23            self.intervals[keys[l]] = [keys[l], max(val, r)]
24        else:
25            self.intervals[val] = [val, val]
26        for i, key in enumerate(list(self.intervals.keys())[l:]):
27            if self.intervals.peekitem(i + l + 1)[1][0] > self.intervals.peekitem(i + l)[1][1] + 1:
28                return
29            else:
30                right_bound = self.intervals.peekitem(i + l + 1)[1][1]
31                self.intervals[keys[l]] = [keys[l], right_bound]
32                self.intervals.pop(keys[i + l + 1])
33
34    def getIntervals(self) -> list[list[int]]:
35        return list(self.intervals.values())

Java Solution

Java has great TreeMap functionality which we can use directly to solve the problem.

1
2java
3import java.util.*;
4
5class SummaryRanges {
6
7    private TreeMap<Integer, int[]> treeMap;
8
9    /** Initialize your data structure here. */
10    public SummaryRanges() {
11        treeMap = new TreeMap<>();
12    }
13    
14    public void addNum(int val) {
15        if(treeMap.containsKey(val)) return;
16        Integer lowerKey = treeMap.lowerKey(val);
17        Integer higherKey = treeMap.higherKey(val);
18        
19        if(lowerKey != null && treeMap.get(lowerKey)[1] + 1 >= val && higherKey != null && higherKey - 1 == val) {
20            treeMap.get(lowerKey)[1] = treeMap.get(higherKey)[1];
21            treeMap.remove(higherKey);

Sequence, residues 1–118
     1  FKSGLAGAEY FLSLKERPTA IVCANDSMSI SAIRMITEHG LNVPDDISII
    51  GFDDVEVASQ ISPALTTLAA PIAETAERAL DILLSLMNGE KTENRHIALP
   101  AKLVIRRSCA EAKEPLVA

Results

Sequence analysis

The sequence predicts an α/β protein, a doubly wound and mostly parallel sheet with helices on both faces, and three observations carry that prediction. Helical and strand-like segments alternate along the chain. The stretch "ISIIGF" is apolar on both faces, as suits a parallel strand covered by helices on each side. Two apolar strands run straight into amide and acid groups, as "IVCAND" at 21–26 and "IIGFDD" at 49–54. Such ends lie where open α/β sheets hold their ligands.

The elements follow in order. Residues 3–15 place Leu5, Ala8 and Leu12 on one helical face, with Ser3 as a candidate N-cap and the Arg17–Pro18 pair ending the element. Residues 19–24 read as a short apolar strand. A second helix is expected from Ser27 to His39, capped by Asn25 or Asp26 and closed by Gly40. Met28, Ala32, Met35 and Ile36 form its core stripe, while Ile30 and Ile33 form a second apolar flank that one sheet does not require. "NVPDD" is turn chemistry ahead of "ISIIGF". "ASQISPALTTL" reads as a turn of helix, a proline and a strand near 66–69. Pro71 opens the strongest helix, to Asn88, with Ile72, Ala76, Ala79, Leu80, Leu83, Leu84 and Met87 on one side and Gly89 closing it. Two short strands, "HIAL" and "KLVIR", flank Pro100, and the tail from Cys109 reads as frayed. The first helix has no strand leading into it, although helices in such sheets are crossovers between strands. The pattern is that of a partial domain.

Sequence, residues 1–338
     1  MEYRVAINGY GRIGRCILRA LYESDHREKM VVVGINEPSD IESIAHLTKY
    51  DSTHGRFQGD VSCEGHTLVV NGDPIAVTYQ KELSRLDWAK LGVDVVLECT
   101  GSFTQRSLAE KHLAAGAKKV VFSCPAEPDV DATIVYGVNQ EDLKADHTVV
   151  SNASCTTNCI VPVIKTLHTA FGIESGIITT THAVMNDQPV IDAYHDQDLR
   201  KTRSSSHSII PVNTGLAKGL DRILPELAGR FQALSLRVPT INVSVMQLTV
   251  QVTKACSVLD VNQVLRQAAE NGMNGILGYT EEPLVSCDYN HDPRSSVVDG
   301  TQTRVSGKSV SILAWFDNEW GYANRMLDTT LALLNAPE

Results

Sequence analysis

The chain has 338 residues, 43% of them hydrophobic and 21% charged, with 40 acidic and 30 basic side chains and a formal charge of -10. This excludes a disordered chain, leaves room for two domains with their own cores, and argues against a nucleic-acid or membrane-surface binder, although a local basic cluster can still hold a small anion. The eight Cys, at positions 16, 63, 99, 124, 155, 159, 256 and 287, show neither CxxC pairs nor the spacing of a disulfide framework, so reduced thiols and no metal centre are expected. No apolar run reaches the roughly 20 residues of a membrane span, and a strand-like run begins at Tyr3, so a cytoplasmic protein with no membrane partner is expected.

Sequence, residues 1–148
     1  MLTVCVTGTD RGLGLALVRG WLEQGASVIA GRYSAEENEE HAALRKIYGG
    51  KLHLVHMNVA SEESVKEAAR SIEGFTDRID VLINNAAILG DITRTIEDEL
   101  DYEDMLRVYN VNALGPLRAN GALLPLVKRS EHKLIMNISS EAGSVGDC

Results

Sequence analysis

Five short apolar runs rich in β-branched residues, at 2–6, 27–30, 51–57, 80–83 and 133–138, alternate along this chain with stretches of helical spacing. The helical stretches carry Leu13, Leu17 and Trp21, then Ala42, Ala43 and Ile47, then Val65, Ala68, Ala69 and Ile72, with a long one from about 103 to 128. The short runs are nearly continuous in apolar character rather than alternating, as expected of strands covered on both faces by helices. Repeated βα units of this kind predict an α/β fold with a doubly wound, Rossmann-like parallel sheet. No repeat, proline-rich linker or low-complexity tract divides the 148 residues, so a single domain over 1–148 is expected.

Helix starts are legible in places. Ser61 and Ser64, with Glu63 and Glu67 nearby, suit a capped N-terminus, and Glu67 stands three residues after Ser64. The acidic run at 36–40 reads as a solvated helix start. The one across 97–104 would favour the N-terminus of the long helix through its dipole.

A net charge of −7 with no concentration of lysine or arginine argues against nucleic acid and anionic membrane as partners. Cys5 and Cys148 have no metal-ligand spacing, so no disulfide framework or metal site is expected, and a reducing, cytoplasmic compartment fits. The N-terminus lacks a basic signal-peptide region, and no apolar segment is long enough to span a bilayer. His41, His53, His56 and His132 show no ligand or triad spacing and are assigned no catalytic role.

22        } else if(lowerKey != null && treeMap.get(lowerKey)[1] + 1 >= val) {
23            treeMap.get(lowerKey)[1] = Math.max(treeMap.get(lowerKey)[1], val);
24        } else if(higherKey != null && higherKey - 1 == val) {
25            treeMap.put(val, new int[] {val, treeMap.get(higherKey)[1]});
26            treeMap.remove(higherKey);
27        } else {
28            treeMap.put(val, new int[]{val, val});
29        }
30    }
31    
32    public int[][] getIntervals() {
33        int[][] intervals = new int[treeMap.size()][];
34        int index = 0;
35        
36        for(int[] interval : treeMap.values()) {
37            intervals[index++] = interval;
38        }
39        return intervals;
40    }
41}

JavaScript Solution

JavaScript's Map object does not have direct equivalents to the lowerKey or higherKey methods. However, that should not be a problem as we can implement these ourselves.

1
2js
3class SummaryRanges {
4    constructor() {
5        this.map = new Map();
6    }
7
8    addNum(val) {
9        if(this.map.get(val)) return;
10        let low = Array.from(this.map.entries()).reverse().find(([key, val]) => key < val);
11        let high = Array.from(this.map.entries()).find(([key, val]) => key > val);
12        
13        if (low !== undefined && this.map.get(low[1])[1] + 1 >= val && high !== undefined && high[0] - 1 === val) {
14            this.map.set(low[0], [low[0], this.map.get(high[0])[1]]);
15            this.map.delete(high[0]);
16        } else if (low !== undefined && this.map.get(low[1])[1] + 1 >= val) {
17            this.map.set(low[0], [low[0], Math.max(this.map.get(low[0])[1], val)]);
18        } else if (high !== undefined && high[0] - 1 === val) {